After two full days of jury selection, still no jury to hear the case against Jeffrey Willis.
He's the man charged with the June 2014 murder of Rebekah Bletsch who was shot in the head while jogging along Automobile Road.
The process of reducing a pool of 130 jurors down to around 50 started Tuesday morning.
The remaining jurors in the pool were asked to report back to the Muskegon Hall of Justice early Thursday morning.
The Muskegon Circuit Court called more than 320 county residents as potential jurors. So far only the first group of 130 were required to report to the courthouse.
Most of the day those individuals have been sequestered on the six floor of the courthouse.
Individually they are being called into the courtroom and questioned by Muskegon County Prosecutor D.J. Hilson and Willis attorney Frederick Johnson.
The judge is also asking each individual if they have significant conflicts that would prevent them from serving as a juror on a trial that may last three weeks.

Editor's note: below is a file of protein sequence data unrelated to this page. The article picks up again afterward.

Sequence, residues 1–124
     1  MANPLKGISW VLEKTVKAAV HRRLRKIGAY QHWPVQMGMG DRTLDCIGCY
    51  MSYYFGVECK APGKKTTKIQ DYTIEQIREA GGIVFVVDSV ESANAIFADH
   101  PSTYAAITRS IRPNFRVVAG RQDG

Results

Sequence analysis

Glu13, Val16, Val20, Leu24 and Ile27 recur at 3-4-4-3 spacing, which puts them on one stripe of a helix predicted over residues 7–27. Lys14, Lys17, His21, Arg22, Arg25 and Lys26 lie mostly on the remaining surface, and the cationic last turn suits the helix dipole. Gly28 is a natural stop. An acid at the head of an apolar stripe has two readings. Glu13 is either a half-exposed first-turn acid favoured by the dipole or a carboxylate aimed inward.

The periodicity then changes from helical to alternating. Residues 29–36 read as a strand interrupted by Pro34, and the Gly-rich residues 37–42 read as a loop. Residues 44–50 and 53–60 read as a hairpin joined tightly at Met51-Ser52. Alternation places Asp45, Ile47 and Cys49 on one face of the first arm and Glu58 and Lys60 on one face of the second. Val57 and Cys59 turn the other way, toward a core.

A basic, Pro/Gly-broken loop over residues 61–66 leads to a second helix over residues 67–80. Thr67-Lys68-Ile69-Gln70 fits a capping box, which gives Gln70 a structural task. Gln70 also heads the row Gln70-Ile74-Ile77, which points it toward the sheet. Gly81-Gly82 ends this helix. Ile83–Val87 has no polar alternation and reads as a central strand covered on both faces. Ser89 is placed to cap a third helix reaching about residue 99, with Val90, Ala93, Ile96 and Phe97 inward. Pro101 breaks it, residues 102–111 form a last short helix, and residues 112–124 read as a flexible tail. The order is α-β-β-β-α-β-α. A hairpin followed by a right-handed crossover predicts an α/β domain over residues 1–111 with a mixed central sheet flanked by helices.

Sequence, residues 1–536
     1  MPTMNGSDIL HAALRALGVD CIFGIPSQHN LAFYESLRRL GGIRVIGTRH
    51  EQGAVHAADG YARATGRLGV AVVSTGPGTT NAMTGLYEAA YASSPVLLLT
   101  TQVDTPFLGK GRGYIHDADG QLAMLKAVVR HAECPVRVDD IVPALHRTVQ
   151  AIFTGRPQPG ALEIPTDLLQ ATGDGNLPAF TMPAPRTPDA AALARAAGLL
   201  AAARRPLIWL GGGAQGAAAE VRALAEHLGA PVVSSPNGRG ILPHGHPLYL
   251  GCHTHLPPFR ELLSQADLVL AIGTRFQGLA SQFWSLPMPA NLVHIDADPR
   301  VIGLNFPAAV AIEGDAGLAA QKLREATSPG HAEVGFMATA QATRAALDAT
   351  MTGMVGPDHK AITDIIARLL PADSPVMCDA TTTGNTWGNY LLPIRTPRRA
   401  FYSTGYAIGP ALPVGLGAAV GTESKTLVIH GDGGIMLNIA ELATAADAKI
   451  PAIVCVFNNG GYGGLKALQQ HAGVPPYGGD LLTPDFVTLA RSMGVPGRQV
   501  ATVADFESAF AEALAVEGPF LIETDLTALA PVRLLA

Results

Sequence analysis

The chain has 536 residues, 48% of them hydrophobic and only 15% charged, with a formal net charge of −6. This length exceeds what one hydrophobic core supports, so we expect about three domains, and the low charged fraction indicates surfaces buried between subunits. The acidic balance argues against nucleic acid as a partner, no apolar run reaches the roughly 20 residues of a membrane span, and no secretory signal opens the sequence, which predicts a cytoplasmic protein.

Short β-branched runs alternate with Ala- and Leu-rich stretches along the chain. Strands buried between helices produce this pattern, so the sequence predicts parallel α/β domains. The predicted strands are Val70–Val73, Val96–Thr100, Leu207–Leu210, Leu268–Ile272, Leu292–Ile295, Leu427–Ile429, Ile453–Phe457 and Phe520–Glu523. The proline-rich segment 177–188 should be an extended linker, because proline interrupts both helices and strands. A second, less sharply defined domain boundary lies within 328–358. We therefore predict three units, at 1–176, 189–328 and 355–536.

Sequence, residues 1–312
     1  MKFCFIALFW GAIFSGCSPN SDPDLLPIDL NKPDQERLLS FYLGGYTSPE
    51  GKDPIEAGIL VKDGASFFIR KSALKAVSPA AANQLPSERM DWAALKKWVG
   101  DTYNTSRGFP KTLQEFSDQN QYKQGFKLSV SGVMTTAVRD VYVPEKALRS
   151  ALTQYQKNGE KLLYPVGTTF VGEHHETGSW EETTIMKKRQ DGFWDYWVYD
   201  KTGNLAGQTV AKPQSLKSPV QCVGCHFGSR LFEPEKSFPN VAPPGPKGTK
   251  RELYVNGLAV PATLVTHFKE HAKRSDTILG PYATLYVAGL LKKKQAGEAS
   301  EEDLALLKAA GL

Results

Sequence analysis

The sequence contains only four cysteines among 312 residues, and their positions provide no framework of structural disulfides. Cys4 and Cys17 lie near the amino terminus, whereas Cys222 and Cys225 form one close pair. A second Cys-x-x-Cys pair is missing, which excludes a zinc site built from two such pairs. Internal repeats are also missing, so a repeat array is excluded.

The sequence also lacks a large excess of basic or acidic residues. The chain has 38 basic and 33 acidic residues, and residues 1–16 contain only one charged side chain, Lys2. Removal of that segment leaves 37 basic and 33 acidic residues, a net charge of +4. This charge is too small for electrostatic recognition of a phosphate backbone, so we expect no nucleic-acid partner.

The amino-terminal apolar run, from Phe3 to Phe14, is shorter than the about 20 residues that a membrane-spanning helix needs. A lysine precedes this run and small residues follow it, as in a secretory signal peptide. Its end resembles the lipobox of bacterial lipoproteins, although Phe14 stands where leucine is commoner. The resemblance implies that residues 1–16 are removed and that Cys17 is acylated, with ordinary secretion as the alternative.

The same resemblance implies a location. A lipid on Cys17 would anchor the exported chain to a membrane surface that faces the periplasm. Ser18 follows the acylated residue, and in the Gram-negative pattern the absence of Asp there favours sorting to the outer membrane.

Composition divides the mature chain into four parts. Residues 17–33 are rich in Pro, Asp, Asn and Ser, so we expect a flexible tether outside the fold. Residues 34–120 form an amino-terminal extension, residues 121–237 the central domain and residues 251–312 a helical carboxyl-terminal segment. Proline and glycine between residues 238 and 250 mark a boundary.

For the first time in court defendant Jeffrey Willis is wearing a suit and tie. It appears he's also recently had a hair cut.
Cameras are not allowed to record jury selection.
Willis is also charged in the kidnapping and murder of Jessica Heeringa in April 2013. Her body has never been found. And the kidnapping of a teen girl who told police she escaped from his van.
Most of the potential jurors are being asked if they can be a fair, and follow the judge's instructions.
All have said yes, but for some there's been hesitation in answering yes.
Complicating matters for jury selection is that the crimes Jeffrey Willis is charged with received significant attention not by newspapers, television stations, and radio stations, and also on social media.
The judge, prosecutor, and public defender want to know if potential jurors know any of Willis' three alleged victims. If seated as a jurors they will be asked to make a decision based on evidence presented at trial and ignor any information they may have learned outside of court.
Cooley Law School professor Curt Benson says jury selection in this case is complicated by the circumstances around the death of Rebekah Bletsch.
"It is a random particularly sad brutal crime, from a defense point of view I think it is difficult to tamp down the natural emotions that rise up in a jury and try to get them to focus rationally on just the evidence and try to keep the emotions at bay." said Benson.
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